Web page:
Despite the frightening description, “flesh-eating bacteria” is not contagious nor was there any way to prevent it from happening, Sarani said.

“This is not something he did. This is not self-imposed,” the doctor said. “This is truly … a very rare occurrence in a otherwise normal 17-year-old guy,” Sarani said. “It’d be like blaming someone for getting cancer. That’s not their fault.”

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Photo courtesy of Carrie Callahan

How SLO County residents can help Zach as he recovers

Throughout the entirety of this ordeal, Zach has been polite, gracious and caring, his family said.

“When he finally got the breathing tube out and they lifted him from sedation, he kept thanking and thanking and thanking everyone that came in the room,” Ruth Callahan said. “Thanking the nurses, thanking the doctors, thanking everybody for taking care of him.”

Prolonged pediatric hospital stays don’t just impact the patient, but caregivers as well.

Zach’s mother, Carrie Callahan, and his grandmother, Ruth Callahan, have been staying in an RV parked on the Valley Children’s Hospital grounds since the teen was transferred there.

For the first five days of his hospitalization, Carrie and Ruth had to quarantine in the RV because of their exposure to Zach, who was still COVID-19-positive at the time, the family said.

The mother and grandmother have been rotating between staying near Zach’s bedside and going home for a day or two to recuperate, his grandmother said.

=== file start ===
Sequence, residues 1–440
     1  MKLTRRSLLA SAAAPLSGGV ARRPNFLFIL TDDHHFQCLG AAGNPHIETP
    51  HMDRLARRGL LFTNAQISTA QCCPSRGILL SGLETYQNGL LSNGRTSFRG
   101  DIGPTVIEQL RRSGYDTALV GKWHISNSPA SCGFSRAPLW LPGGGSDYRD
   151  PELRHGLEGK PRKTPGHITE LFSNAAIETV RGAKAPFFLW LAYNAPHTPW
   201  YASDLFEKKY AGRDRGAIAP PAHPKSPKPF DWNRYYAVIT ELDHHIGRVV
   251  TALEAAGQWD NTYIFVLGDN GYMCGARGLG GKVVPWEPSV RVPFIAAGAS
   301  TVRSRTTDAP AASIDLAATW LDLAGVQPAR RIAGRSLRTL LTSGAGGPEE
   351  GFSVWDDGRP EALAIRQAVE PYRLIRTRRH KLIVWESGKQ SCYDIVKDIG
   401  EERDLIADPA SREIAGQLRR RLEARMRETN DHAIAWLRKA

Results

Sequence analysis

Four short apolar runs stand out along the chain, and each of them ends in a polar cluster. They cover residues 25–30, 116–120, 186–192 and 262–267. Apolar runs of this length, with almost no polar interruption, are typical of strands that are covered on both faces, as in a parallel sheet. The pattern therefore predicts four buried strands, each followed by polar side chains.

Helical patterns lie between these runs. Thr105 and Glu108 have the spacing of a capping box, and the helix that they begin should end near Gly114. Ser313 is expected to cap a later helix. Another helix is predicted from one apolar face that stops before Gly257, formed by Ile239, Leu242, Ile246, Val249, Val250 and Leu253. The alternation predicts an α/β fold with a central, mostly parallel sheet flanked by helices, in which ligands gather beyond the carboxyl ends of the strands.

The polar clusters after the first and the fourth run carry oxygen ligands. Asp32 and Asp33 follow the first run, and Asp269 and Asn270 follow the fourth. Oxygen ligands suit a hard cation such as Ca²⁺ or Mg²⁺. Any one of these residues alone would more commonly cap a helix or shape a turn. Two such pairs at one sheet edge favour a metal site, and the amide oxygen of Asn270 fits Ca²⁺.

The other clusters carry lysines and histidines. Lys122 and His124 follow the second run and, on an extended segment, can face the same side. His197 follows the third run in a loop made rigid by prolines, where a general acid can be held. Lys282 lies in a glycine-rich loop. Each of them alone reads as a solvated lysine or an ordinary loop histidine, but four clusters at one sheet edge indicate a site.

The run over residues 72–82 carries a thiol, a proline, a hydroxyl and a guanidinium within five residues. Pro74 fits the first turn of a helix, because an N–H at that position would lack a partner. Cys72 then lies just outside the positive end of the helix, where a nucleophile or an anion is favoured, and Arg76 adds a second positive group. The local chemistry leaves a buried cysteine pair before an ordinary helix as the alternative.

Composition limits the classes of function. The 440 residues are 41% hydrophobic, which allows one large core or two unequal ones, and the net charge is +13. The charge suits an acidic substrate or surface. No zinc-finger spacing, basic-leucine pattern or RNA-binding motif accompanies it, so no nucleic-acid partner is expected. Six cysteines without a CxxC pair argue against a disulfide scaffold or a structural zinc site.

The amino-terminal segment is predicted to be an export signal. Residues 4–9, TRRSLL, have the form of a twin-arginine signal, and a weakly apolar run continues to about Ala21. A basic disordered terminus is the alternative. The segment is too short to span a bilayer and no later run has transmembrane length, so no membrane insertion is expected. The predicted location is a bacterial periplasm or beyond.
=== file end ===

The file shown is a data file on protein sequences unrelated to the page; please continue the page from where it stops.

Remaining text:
“It’s just better for him to have one of us there as much as possible,” Ruth Callahan said.

Once the plastic surgery is complete, Zach will be discharged from the hospital and sent home with wound care instructions and the understanding that the recovery process for necrotizing fasciitis can take months.

“He has to be really, really patient because it will take a long time to heal,” Sarani said. “But it will heal. “

Nicole Catherine Photography Photo courtesy of Carrie Callahan

Sarani said its important that Zach and his family try get back to normal life, maintain a healthy, nutritious diet and connect with friends and family.

Throughout this ordeal, Zach has been his compassionate self, his mother said.

He is concerned about the well-being of his family and overwhelmed by the support he has received from his extended family, Atascadero High School teachers and the wider community, Carrie Callahan said.

“His biggest worry was me and all the hospital bills that are going to come up,” she said while trying to hold back tears. “I told him that is nothing he needs to worry about while you’re getting better.”

Regardless, he still worries, because Callahan is a single parent and health crises are expensive, his grandmother said.

Zach’s uncle, Andrew Callahan, set up a GoFundMe page for community members who want to lend their support to the Atascadero teen’s recovery.

Proceeds from the GoFundMe campaign will go toward supporting Zach and his family.

The family has raised about $9,660 of a $20,000 fundraising goal as of Wednesday, according to the GoFundMe page.

To donate, visit